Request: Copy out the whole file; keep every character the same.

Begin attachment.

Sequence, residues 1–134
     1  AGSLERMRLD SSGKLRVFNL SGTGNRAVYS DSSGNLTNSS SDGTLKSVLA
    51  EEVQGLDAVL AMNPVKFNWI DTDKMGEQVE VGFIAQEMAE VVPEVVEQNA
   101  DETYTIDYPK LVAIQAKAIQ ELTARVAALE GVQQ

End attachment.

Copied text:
Sequence, residues 1–134
     1  AGSLERMRLD SSGKLRVFNL SGTGNRAVYS DSSGNLTNSS SDGTLKSVLA
    51  EEVQGLDAVL AMNPVKFNWI DTDKMGEQVE VGFIAQEMAE VVPEVVEQNA
   101  DETYTIDYPK LVAIQAKAIQ ELTARVAALE GVQQ